A Growing Challenge

Ensuring cybersecurity of the power grid

The emergence of smart grid technology, which provides two-way communication and automates grid operations, has increased the risk of cybersecurity breaches in power distribution. Since the power distribution network involves direct interaction with consumers, it is a storehouse of useful data pertaining to consumers’ metering and billing information and energy consumption. Any attack on the distribution network could give access to the system and to critical data from a remote area, thus posing a threat to the security of the national grid. As the operations of the distribution segment are increasingly being centralised, a cyberattack could lead to a power supply failure and jeopardise the operations of the entire grid.

Cyberattacks in the power distribution segment

There are a number of avenues for cyberattacks on the distribution network. One of these is the hardware layer. The layer is embedded with components such as programmable logic controllers and remote terminal units that operate the software required for communication and control. Another avenue is the firmware layer that is in between the hardware and the software including data and instructions to control the hardware. The software layer comprises the power control systems that include a variety of software platforms and applications. The vulnerabilities in this layer range from simple coding errors to poor implementation of access control mechanisms. Further, as all the layers and components of the grid interact with each other for power system operations, a threat to any part of the grid can affect the operations of the whole system.

The issue of cybersecurity in the power distribution network has become of paramount importance in recent years, especially with the introduction of smart grids. A smart grid comprises power delivery infrastructure integrated with communication and information technologies, which enables monitoring, prediction and management of energy  consumption. Since a smart grid comprises many interconnections, integration points and intelligent elements that communicate with each other, it is more vulnerable to cyberattacks. The digital network and systems are highly prone to malicious attacks from hackers, which can lead to the misuse of consumers’ data. Through a cybersecurity breach an attacker can break into the system, corrupt user privacy, acquire unauthorised access to control the software, and modify load conditions to destabilise the grid. Further, hackers can alter energy costs or change meter readings remotely. They can also feed false information into the system that could mislead the power utility into taking incorrect decisions.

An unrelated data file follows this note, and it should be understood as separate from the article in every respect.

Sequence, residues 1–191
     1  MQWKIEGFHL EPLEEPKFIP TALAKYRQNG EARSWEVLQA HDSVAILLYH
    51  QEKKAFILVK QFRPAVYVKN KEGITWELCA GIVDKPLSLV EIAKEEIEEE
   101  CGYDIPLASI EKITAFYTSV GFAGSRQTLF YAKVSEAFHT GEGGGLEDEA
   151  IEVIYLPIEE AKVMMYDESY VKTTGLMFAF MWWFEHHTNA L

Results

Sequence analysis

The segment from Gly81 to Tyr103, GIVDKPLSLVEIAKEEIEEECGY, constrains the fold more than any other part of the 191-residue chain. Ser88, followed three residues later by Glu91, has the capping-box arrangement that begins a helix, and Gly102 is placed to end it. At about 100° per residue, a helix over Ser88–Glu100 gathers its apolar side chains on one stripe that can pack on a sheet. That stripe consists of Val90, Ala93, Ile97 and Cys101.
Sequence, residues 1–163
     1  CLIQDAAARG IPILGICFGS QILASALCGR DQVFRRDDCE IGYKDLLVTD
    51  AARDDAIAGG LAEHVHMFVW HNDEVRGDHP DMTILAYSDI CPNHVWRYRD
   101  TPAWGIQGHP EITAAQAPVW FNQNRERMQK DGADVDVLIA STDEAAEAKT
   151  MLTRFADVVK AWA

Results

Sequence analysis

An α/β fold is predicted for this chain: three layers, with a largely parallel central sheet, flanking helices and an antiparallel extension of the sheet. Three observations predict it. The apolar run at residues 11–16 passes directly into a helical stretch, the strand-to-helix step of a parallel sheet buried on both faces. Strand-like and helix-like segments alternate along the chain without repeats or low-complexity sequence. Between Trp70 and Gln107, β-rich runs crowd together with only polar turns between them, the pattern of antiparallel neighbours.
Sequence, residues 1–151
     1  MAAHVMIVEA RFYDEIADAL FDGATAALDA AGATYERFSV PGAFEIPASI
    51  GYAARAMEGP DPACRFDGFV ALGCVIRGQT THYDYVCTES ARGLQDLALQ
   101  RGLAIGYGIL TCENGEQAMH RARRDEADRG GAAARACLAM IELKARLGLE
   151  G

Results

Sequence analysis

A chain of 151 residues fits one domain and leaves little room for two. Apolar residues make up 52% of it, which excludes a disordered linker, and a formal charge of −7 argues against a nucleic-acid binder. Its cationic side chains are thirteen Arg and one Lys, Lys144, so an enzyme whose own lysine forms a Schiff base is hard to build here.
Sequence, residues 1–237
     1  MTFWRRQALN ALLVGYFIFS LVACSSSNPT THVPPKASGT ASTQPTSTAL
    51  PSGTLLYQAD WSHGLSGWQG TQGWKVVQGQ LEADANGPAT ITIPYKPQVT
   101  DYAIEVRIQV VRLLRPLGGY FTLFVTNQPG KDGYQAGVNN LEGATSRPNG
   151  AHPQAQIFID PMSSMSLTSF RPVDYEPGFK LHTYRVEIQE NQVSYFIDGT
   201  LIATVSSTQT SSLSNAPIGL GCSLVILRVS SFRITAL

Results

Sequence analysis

Strategies for mitigating cyberthreats

In order to minimise the chances and impact of a cyberattack on the distribution network, utilities are adopting a number of safety measures and risk mitigating strategies. One of the most common measures to mitigate cyberthreats is application whitelisting through which the malware uploaded by adversaries is detected. Apart from this, configuration and patch management also lower the risk of cyberattacks, as unpatched systems are more prone to attacks. Reducing the attack surface area is also effective in managing the network. Network segmentation, isolation of the internet connection sharing network from an untrusted network and turning off unused ports/services are effective strategies to lower the risks of cyberattacks.

Another key focus area for lowering cyberthreats is managing authentication. The implementation of multi-factor authentication, separate authentication for separate zones and providing privileged access are essential. In order to minimise the impact of cyberattacks, it is essential to undertake active monitoring, quick detection and fast response, and execution of defence. Apart from this, physical security of the system and network is essential. Vulnerable areas like control centres should be notified as restricted, only allowing authorised people to enter. The control room and computer room doors should be equipped with access security systems for protection against intrusion and surveillance should be undertaken for integrity checks.